• Salsa
  • Pico de Gallo
  • Canning – Tomato Sauces & Pastes
  • Freezing

Supplies needed

  • Seeds
  • Soil mix
  • Growing trays
  • Grow lights if you don’t have south-facing window for seedlings
  • Epsom Salts
  • Tomato-tone Fertilizer
  • Stakes – bamboo, fiberglass, steel, wood.
  • Plant Tying materials
  • Sisal/Jute Twine (Florida weave method)
  • Sprayer to apply fertilizers/treatments
  • Drip irrigation / soaker hoses / sprinklers
  • Canning Jars
  • Patience, Passion, and Persistence! I used to hate growing tomatoes, but now I just love the challenge & the reward!

Really hope that this guide has given you a somewhat detailed roadmap to successfully grow tomatoes! Please like, comment, follow AND PLEASE let me know if you have any wisdom to contribute to this tomato growing guide!

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Winter Gardening: 5 Steps to Planning Your Garden

Winter is a sad time for most gardeners, unless you have a greenhouse or some other structure to extend your growing season. There is always something you can do during the offseason to better prepare yourself for a successful springtime. Here are a few steps you can take, and projects you can work on to maximize your yields, minimize your waste, and Garden for Gains.

  • Pick the plants you want to grow – This seems like an easy task,but there is so much out there that you could grow! Do you want to grow fruits, vegetables, herbs, annuals, perennials, or trees or all of the above? No matter what your growing aspirations are, you can accomplish them with a plan. Research your growing zone, your last frost date, and the germination times of the seeds you select to sow.
  • Develop a farm plan with propagating, transplanting, & harvest schedules – It’s better to keep your seedlings inside or under cover until the threat of frost has passed. After that, transplant away! If you do run into a late frost you can cover your plants with frost blankets or make cloches – a mini greenhouse made by cutting a plastic bottle in half. If you plan on having a steady supply of fresh produce, then you’ll want to calculate how many trays to seed, how much space those seedlings will eventually take up, and decide how much of your space you would like to dedicate to each crop. cloche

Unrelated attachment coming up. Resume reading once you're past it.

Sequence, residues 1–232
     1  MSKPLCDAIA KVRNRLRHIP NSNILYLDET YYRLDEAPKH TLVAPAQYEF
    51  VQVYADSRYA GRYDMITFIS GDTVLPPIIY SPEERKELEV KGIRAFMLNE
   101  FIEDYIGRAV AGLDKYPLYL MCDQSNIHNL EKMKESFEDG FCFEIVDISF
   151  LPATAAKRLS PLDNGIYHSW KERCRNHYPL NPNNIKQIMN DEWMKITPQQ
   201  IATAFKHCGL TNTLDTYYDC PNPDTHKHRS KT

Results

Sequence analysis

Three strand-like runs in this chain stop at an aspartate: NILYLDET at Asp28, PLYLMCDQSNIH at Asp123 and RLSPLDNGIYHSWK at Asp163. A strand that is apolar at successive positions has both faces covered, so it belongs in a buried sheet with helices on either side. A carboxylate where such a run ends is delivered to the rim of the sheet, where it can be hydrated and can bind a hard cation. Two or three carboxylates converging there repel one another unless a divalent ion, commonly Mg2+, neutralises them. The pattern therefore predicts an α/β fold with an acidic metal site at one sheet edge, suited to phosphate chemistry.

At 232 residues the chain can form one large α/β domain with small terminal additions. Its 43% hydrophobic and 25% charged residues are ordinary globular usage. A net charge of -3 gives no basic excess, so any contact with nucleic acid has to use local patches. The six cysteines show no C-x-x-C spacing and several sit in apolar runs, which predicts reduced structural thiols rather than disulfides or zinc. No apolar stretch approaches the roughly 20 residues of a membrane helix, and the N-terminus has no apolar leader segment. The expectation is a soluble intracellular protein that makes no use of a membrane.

• Decide on a fertilization method – I think most gardeners tend to wing it in this area of gardening – spreading manure or granular fertilizer with no regard to what is actually necessary. Talk to your local Extension Agency to get a soil analysis. This will give you a true profile of the available nutrients in your soil along with the knowledge you need to supplement your plants’ needs.
  • Create a compost area – Composting is a great way to turn grass clippings, leftover food, leaves, coffee grounds, and garden waste into nutrient-rich organic matter for loosening up clay soil as well as feeding your plants & building soil microbial health. (More to come on composting in a future post!)
  • Order tools & supplies – This is the fun part, but not always the easiest. Everyone’s first instinct is to go to the big box stores like Lowe’s, Home Depot, Menards, etc. but I encourage you to go to your local garden center or nursery to get expert help from someone who also has the horticultural bug. My personal first & only stop is my place of employment AM Leonard (also have our sister company Gardener’s Edge). We have just about everything you can think of that you need to grow or landscape along with our own line of high quality tools – give us a call some time!